One of the most memorable scenes played out as American tanks rolled across the desert into Baghdad under orders from President George W. Bush involved a character dubbed Chemical Ali by the world's media.
When war was declared he argued that nothing would happen. As the tanks arrived in Baghdad he suggested they did not exist and then predicted they would be destroyed by superior Iraqi forces. You had to applaud his optimism while wondering if he was living in the real world. (As I understand it, he is no longer with us).
I've had the same feeling watching the left of New Zealand politics over the past few weeks. I could not fault their optimism, while wondering if they inhabited the same New Zealand as the rest of us.
For years National has enjoyed levels of support thought impossible under MMP. No matter what happened, John Key enjoyed more support than all of his rivals put together - even if they counted themselves twice. The party he led has been tucked in nicely behind him.
All parties poll constantly so they can track public opinion. The overwhelming view, especially over recent months, was that the country was on the right track.
Yet the parties crowded on the left - having largely vacated the centre - insisted that New Zealanders were tired of Key and his colleagues. They sensed a "mood for change" gathering momentum that would lead to a change of Government.
In the aftermath of what will rate as one of the all-time great election victories, various left party leaders have put their crushing defeat down to the media, Nicky Hager's Dirty Politics book, bloggers, spies, Kim Dotcom, each other, lack of inter-party co-ordination - anything but the fact not enough voters backed them.
Hopefully, once the dust settles a mirror will be available and a serious discussion will begin.
It should start by understanding that in New Zealand politics the foundation for victory is in the centre. A party seeking to form a stable, strong government has to have a message that appeals to around 40 per cent of these voters.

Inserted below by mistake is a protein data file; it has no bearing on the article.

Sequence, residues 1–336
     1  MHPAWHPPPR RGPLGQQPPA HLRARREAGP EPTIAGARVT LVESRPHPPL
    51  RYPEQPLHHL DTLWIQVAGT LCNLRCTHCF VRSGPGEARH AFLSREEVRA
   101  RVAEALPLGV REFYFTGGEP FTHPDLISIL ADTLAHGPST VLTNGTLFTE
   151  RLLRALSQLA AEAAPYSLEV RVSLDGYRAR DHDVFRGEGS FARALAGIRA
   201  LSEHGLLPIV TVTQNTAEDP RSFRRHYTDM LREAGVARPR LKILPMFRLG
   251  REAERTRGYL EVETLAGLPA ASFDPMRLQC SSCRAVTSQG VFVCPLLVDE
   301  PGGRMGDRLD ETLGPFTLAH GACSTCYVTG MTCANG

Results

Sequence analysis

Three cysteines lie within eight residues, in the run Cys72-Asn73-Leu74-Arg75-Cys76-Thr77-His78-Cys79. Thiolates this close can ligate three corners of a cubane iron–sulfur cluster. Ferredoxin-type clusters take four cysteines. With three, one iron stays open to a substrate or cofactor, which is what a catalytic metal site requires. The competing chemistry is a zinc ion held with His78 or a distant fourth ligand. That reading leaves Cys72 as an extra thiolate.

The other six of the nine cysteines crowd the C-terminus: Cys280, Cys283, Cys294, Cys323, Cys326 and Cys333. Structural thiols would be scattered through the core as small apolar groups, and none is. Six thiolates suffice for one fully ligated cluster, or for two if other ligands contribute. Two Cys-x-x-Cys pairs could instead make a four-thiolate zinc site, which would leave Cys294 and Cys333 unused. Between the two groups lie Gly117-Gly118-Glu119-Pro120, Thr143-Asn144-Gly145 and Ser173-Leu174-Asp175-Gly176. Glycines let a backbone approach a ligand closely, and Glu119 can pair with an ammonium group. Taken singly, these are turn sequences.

To convince them it will also need to be well organised, well-led and look like it could govern. Voters usually know what is good for them - and it isn't a party that does not look like it can govern itself.
Finally, a major party must be seen to be going in the right direction. It can have great policies and be well organised but it must also "feel" right to voters. Call this a moral mandate.
With a message, an organisation and mandate in place a major party can turn its attention to ensuring it has a parliamentary majority by talking to other parties. Smaller parties approach elections differently. They aim to represent those whose political aspirations are more narrowly focused. Where aspirations overlap, or add to those of the major party, a coalition can form.
None of this happened on the left at this election. Labour moved left to secure what it assumed was its base and never moved back. Over six years it failed to effectively oppose the Government and propose a coherent policy platform that won the support of 40 per cent of voters. It persisted in arguing New Zealand was on the wrong track (which it may well be) when most voters thought the opposite.
In addition, it confused voters by vacillating between behaving like a major party and then like just the largest of a left grouping. When it began arguing that it really was a major party it was too late.
Meanwhile, smaller parties sensed Labour was bleeding and made it sound like they would be calling the shots should a left-leaning government get elected. When the majority of voters are in the centre the last thing they want to hear is that the tail will be wagging the dog.
Running a political party is a highly sophisticated business. But the fundamentals are reasonably simple.
They boil down to ensuring politicians and their supporters do a lot more than talk to themselves. Left-wing parties would have been getting the same polling data as right-wing parties but they seemed to prefer the feedback they were getting by living in a bubble. They fell into the trap of wanting something so badly they thought voters were thinking the same way.
This is why the result of the election was largely known before the campaign started. The various "sideshows" that emerged could have derailed predictions but in the end they reinforced them.
Of course, what are currently seen as distractions have yet to be resolved and may impact on the next election.
This election was a disaster for the left. But disaster is something all parties experience if they are in the game long enough. Some never recover, others bounce back.
Parties of the left will bounce back if they are prepared to seriously revise their thinking. If they continue to argue that the only problem is that voters do not know what is good for them, recovery will be hard. If revision sees a major centre-left party re-emerge that can look for support to its left and elsewhere, then recovery could be just down the road.
Steve Maharey is Massey University's vice-chancellor, and a former Labour government minister.